Child psychologist unveils 'the grandparent code', a list of 12 grandparenting rules to keep family relationships strong and healthy

Some are common sense, others may be a little harder to follow...

Grandfather with his granddaughter
(Image credit: Getty Images)

A child psychologist has shared what he calls 'the grandparent code,' a list of 12 vital rules for grandparents to follow that can help ensure their relationship with both their children and grandchildren is as healthy as it can be. 

Being a grandparent is sold as an easier, but just as fulfilling if not more so, endeavour than parenting itself. We've seen the grandma brain phenomenon in action and the benefits of being a grandparent are very real. Research has suggested that looking after grandchildren is better for the brain than Sudoku, while studies prove that children who have a good relationship with their grandparents have less behavioural and emotional problems. It's all good, no? 

Not exactly. Especially today with the focus on grandparents offering necessary and regular help with childcare, it seems that grandparenting is just as fraught with ups and downs as parenting itself. There are lots of rules, mostly unspoken, to follow and the generation gap between grandparent and parent can often open up the floor for some serious disagreements, though many grandparents have positive thoughts about today’s most popular parenting trends

But many still don't. And, as studies have revealed that grandparents who refuse to respect parenting choices and parenting styles may end up paying the ultimate price and getting cut off from the grandchild due to their behaviour, as well as reading up on the grandparenting behaviours to try and avoid, you're going to want to head this expert advice too. 

Child psychologist Michael Carr-Gregg, author of the book Grandparents, a practical guide to navigating grandparenting today, has shared his top 12 tips that any grandparent should follow - 12 tips that make up, what he calls, the grandparent code. And, with decades worth of work going into his advice, you'll want to listen up. 

So what are the 12 commandments of the grandparent code? As the expert told Honey;

  • Respond to the pregnancy news with unbridled joy.
  • Honour any request to keep news of the impending birth secret.
  • When your grandchild first comes home, wait to be invited over.
  • Don't give the new parents unsolicited advice.
  • Offer reassurance and encouragement.
  • Don't comment negatively on the name the parents choose for your grandchild.
  • Be positive when you meet the child, and be realistic about your feelings.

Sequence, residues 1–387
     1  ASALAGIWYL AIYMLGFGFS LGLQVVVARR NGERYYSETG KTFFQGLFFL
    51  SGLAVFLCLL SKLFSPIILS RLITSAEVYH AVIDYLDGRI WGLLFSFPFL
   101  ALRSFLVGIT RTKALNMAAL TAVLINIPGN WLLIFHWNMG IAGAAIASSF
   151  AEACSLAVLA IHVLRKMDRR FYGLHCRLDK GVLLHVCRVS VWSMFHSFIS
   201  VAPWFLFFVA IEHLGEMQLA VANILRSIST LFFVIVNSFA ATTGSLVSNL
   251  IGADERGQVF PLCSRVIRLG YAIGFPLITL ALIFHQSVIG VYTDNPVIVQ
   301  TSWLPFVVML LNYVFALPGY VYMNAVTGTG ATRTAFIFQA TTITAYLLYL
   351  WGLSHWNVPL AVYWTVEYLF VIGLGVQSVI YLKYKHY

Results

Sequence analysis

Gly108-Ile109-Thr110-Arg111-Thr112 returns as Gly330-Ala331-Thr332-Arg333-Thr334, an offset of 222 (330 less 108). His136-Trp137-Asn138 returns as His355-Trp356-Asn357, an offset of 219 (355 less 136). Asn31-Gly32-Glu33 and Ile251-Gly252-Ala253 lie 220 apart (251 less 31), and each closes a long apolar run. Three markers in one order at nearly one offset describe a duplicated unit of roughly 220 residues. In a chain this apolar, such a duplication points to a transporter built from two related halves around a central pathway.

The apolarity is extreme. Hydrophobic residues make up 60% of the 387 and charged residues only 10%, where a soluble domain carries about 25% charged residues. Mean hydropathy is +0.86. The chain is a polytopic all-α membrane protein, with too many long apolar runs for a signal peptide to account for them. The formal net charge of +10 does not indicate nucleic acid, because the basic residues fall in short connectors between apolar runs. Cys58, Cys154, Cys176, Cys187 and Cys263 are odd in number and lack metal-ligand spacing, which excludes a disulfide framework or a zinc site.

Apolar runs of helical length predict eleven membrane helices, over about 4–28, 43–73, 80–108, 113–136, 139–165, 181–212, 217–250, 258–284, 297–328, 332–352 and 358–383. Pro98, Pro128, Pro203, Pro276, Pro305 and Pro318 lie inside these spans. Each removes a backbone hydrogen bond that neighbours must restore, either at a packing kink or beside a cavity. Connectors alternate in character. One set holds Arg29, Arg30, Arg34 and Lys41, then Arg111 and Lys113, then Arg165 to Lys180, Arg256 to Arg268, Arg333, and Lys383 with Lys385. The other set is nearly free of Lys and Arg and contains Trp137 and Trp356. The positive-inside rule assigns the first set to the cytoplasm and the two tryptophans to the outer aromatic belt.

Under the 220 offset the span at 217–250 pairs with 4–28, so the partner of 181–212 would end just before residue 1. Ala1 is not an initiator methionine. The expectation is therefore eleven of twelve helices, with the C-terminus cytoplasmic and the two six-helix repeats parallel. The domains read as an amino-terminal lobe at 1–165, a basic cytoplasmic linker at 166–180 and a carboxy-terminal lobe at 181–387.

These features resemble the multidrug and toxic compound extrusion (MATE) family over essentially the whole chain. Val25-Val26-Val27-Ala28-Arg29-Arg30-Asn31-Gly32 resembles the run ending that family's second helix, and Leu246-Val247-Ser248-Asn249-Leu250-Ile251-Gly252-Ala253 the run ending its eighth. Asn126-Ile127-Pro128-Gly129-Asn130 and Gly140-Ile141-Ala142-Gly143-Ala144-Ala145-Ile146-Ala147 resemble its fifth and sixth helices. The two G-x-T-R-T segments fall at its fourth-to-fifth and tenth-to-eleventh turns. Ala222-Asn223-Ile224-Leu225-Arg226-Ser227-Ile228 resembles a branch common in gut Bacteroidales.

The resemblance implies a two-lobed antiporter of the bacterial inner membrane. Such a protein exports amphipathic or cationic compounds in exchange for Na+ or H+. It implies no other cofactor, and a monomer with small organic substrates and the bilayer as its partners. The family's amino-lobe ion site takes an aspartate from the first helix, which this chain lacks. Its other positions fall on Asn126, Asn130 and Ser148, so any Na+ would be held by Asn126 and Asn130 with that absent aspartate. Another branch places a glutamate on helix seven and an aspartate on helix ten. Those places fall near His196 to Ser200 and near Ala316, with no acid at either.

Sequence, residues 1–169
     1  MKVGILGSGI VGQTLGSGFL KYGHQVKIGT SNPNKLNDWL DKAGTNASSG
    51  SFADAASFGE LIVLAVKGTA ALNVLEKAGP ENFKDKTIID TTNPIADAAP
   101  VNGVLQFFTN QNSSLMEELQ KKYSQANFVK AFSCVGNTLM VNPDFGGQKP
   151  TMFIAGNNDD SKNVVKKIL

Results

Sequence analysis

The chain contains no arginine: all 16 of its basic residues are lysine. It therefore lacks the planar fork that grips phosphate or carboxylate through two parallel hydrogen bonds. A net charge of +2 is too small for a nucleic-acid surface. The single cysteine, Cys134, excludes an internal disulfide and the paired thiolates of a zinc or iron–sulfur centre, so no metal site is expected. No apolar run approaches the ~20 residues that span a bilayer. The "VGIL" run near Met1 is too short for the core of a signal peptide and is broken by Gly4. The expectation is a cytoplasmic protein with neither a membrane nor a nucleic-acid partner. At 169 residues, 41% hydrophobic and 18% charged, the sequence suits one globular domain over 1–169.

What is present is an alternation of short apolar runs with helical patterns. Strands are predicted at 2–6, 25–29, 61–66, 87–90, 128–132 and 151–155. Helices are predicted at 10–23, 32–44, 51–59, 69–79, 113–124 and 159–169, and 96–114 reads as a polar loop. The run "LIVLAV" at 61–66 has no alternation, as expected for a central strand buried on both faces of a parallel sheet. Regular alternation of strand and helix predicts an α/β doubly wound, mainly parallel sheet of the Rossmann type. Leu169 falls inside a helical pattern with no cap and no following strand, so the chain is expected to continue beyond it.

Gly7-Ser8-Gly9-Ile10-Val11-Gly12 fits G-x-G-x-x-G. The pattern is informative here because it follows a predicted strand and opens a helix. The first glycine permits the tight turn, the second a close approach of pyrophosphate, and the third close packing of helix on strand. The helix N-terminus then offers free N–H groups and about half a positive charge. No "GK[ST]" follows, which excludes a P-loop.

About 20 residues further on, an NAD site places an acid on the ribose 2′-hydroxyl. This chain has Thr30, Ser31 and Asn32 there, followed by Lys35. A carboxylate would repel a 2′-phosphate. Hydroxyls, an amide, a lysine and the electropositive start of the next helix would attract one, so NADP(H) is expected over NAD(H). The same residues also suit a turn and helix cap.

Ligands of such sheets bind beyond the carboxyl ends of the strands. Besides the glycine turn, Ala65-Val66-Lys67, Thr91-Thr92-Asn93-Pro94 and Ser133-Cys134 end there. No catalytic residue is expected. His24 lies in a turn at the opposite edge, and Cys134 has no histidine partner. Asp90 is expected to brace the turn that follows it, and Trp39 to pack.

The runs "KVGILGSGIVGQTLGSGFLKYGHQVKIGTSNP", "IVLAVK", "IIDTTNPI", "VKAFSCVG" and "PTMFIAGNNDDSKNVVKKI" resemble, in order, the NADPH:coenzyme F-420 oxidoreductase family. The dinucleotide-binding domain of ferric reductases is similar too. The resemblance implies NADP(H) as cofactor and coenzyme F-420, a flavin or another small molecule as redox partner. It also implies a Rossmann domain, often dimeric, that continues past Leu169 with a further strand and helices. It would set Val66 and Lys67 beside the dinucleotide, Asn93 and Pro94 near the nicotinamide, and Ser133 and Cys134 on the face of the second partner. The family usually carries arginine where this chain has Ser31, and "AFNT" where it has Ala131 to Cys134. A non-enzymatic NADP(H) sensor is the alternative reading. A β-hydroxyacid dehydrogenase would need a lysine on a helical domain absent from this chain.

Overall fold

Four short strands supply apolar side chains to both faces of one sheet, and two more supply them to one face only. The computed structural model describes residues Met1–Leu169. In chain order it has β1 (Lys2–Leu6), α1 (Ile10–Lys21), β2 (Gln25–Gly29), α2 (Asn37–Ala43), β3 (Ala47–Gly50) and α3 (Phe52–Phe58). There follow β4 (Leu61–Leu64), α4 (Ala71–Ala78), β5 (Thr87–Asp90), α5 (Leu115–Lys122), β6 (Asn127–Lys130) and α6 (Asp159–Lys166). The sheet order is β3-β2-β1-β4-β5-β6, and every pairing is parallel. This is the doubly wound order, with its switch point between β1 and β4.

• Spend one-on-one time with your grandchild, and play, if time allows.
  • Manage your grandchild's use of technology.
  • Don't engage in 'grandsharenting' (The practice of sharing online information about grandchildren).
  • Spoil your grandchildren – in consultation with their parents.
  • Handwrite cards and letters to your grandchild.

Now, number one should be easy, number two, a little harder but still doable. Number three? Now that may feel impossible but it's important to let the new family settle in and bond with their baby before surprising them with your presence - and make sure to bring over a thoughtful gift for the new mum when you do.

Similarly, waiting until you've been asked for advice to offer any of your thoughts on parenting is vital. It may be incredibly hard and you'll have to make peace with the fact you may never be asked for input considering that nearly half of the grandparent-aged generation has never been asked for advice. But letting the new parents figure out what they want to do, not what you want them to do, will go miles in keeping your relationship healthy.

Number 11? We can get behind number 11. Spoiling grandchildren, obviously with consent from the parents concerning the gifts, is so exciting as you pick up the best sensory toys for babies and the best toys for 6 to 12 months olds - though don't turn it into a competition with child's other set of grandparents as one set of grandparents is more likely to spoil their grandchildren than the other.

News writer

Charlie Elizabeth Culverhouse is a news writer for Goodtoknow, specialising in family content. She began her freelance journalism career after graduating from Nottingham Trent University with an MA in Magazine Journalism, receiving an NCTJ diploma, and earning a First Class BA (Hons) in Journalism at the British and Irish Modern Music Institute. She has also worked with BBC Good Food and The Independent.